Yet Slaughter said there was “zero” chance the bill could pass in the Republican-controlled House, especially with the Appalachian representatives’ pro-industry leanings. “There’s no question that the mining interests really own the place,” Slaughter said. “I don’t see sudden reversal of that.”
According to the Center for Responsive Politics, the top recipient of campaign contributions from the mining industry in both the 2010 and 2012 election cycles is Sen. Joe Manchin (D-W.Va.), who received $298,098 for 2010 and more than $275,000 so far for 2012. In the House, Rep. David McKinley (R-W.Va.) is the top recipient with more than $280,000 in this election cycle so far.
Manchin and McKinley did not respond to interview requests Thursday from the Center for Public Integrity.
Sick and stuck
Asked how legislators might be convinced to halt mountaintop mining, Slaughter said that “elections matter.”
But Webb said most of his neighbors were reluctant to speak against the coal companies. “They’re told, ‘If you step up and your nephew, cousin or son works for the coal company, they’ll get fired,’ ‘’ he said. “They just ramp up the heat on the citizens, and they clam up.”
Webb, a Vietnam War veteran and sixth-generation native of West Virginia’s Coal River Valley, comes from a family of miners. When he began fighting against mountaintop removal, Webb said, he became “hated” by neighbors and cousins who thought he was threatening their jobs. He said some locals tried to run him over with a car in 2005.
“They just don’t want to believe it. They think mountains are forever and coal is forever,” Webb said. “They refuse to look at the data.”
Coal River Mountain Watch spearheaded a renewable energy campaign in 2009, proposing a wind farm as an alternative to mining on Coal River Mountain. Webb said the project showed that wind farms could bring in over $1.2 million of sustainable revenue to the valley annually. In contrast, he said, mountaintop mining would produce an estimated $32,000 a year for a maximum of 11 years, after which there would be no coal left. The project failed.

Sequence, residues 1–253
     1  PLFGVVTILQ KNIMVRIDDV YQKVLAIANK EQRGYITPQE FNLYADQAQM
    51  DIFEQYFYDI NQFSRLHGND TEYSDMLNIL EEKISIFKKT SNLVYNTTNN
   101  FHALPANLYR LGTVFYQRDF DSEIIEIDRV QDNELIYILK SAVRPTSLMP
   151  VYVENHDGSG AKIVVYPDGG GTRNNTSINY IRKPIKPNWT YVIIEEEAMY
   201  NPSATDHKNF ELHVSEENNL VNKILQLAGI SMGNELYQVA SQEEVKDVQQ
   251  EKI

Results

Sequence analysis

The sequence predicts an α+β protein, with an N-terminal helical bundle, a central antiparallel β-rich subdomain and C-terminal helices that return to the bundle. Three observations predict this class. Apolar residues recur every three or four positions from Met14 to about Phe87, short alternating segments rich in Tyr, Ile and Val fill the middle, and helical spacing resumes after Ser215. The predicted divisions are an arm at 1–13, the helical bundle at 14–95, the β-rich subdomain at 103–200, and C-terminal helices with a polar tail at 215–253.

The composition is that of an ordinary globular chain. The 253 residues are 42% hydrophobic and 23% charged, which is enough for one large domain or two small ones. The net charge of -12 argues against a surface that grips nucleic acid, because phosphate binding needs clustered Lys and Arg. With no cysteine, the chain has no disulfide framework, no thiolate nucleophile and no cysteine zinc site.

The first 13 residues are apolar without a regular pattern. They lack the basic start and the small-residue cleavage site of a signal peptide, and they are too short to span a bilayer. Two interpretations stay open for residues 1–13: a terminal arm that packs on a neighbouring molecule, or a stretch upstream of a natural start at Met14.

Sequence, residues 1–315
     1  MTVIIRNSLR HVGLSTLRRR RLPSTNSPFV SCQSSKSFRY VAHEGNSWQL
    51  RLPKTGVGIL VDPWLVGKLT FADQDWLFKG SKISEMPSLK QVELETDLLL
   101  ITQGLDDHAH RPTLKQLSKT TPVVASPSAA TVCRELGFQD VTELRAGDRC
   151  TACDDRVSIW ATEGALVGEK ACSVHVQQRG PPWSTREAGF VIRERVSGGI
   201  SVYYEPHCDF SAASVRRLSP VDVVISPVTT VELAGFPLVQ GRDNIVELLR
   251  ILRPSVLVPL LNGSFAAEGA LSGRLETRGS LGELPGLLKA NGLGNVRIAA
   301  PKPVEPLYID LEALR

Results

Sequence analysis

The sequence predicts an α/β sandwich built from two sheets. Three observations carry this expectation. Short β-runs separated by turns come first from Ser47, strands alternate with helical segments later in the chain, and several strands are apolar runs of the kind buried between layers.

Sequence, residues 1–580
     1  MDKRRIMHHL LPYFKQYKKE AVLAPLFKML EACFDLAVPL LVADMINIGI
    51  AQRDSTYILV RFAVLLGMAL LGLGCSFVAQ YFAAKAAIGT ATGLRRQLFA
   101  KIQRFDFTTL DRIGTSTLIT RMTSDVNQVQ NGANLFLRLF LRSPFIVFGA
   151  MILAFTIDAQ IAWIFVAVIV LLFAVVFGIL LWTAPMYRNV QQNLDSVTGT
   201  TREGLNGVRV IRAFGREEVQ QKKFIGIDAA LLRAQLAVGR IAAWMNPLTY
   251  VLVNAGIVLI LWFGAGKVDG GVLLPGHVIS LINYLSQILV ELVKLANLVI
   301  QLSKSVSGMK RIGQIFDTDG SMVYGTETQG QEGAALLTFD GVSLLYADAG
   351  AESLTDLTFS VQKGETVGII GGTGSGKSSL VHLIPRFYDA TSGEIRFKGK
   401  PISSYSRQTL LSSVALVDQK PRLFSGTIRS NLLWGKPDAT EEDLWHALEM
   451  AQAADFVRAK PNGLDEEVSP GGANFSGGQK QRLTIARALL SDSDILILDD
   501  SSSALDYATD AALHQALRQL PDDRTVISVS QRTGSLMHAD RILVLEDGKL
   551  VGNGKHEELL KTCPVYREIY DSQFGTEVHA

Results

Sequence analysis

Three mountaintop removal permits have already been approved on Coal River Mountain.
“The county commissioners actually cried with tears and said, ‘The coal industry has been so good to us,’ ” Webb said. “But the coal company is going to take their jobs. They’re down to the last piece of coal. They’re going to walk out and our people are going to be left with nothing but sickness.”
Holly Clark, another supporter of the reform campaign, became concerned over coal mining’s impact on her community’s health. “I’m sitting in church listening week after week about all the cancer and tumors,” said Clark, from Fayetteville, W.Va. “I just wanted to do something.”
Other residents of Appalachia seem unlikely to push for change — unless the health risks become undeniable. Activists hope the USGS data will have that effect.
“We don’t see this as a Democratic or Republican issue. We see this as a human rights issue,” Kincaid said. “Appalachia cannot afford to wait. We’ve been sacrificed for far too long.”
Alice Su is a reporter with the Center for Public Integrity. This article is reprinted from the Center with permission.